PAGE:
March 8, 2007
Your Argosy blanket is one of your finest moments. I never would have thought to turn that scarf pattern into a blanket. But then, that’s why we love you: you never fail to ask the question, “Could this be a blanket?” And the answer is always “Yes. Yes it could.”
I was thinking about your fresh ‘n’ shiny new blanket last night, when I was in David’s room hanging out while he was getting ready for bed. Bedtime at our house has a long-standing set of rituals.
I still have a patented series of four songs which, when sung in the correct order, will without fail make Clif fall asleep: “America the Beautiful,” “The Battle Hymn of the Republic” (which isn’t really my kind of song, but I started singing it after watching an episode of the Ken Burns Civil War series), “Blue-Tailed Fly,” and the killer, “Mr. Tambourine Man.” The trick with hypnotizing your children is to start by singing at a chipper pace, then slowing down to the point that “Hey, Mr. Tambourine Man, play a song for me” takes about 30 seconds.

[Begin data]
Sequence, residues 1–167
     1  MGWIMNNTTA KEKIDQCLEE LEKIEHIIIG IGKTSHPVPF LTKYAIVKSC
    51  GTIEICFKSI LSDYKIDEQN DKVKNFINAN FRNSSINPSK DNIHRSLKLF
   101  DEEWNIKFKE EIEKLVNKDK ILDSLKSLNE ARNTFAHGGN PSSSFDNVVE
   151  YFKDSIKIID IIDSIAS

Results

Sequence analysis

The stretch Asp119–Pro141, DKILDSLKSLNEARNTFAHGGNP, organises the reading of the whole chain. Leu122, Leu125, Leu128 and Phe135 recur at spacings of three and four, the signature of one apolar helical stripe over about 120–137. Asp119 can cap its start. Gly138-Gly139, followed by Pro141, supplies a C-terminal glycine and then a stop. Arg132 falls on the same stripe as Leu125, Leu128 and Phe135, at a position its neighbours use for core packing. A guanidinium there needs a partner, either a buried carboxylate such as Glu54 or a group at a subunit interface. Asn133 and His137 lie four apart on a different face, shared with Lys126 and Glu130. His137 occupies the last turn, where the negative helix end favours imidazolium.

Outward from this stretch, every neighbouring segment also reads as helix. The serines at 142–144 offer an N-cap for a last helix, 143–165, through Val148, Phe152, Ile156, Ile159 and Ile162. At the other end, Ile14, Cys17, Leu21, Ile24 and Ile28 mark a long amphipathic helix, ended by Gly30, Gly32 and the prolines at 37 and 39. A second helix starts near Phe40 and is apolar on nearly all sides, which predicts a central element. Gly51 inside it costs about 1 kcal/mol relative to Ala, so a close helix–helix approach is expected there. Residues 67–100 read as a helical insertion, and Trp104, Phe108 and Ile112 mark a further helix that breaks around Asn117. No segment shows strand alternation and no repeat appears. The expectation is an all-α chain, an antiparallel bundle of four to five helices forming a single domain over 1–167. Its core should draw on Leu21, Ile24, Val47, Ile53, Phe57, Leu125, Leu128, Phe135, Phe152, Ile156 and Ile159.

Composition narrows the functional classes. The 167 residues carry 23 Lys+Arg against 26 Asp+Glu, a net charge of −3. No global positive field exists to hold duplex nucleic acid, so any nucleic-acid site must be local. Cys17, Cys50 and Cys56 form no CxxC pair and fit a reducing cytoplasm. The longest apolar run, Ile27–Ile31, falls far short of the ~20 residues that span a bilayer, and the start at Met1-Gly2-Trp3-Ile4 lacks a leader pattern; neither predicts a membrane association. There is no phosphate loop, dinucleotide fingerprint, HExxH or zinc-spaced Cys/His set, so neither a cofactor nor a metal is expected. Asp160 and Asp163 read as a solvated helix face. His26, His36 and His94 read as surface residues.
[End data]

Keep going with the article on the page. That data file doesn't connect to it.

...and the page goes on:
I’m kind of droopy right this minute just thinking about it.
But the blanket–David had a handknit blanket given to him by one of his grandmother May’s dear friends. From Day 6, I’m guessing, this blanket was with him every night for almost a decade.
Last night I found the blanket under his bed. It had long ago ceased looking like a blanket, but he always refused to let me untangle it. Well, last night, my 11 year old said I could take it apart.
This is what I found:
Where did it go? The blanket has vanished! The only parts left are the strips of cables. Did he eat it during the night?
A blanket is a form of immortality, true. Except when it is loved to pieces.
P.S. The other day, a 1930 Ford Model A showed up in the driveway, containing Neighbor Judy and her husband Kelly. Their son Andrew provided emergency backup. This was the maiden voyage of the car Kelly took custody of from his uncle. This was its first trip, exactly one and a half blocks, in 30 years.
I’m guessing it really does take a transplant surgeon to make a car like this run again. So odd to see this thing coming up the driveway!
P.S.S. Knitting continues to inspire filmmakers. A new competition features a film with some fine knitting in it. Go here, then navigate through until you see the film titled “Yarn . . . Good Light Is Essential” by Reka Gacs of the Royal College of Art.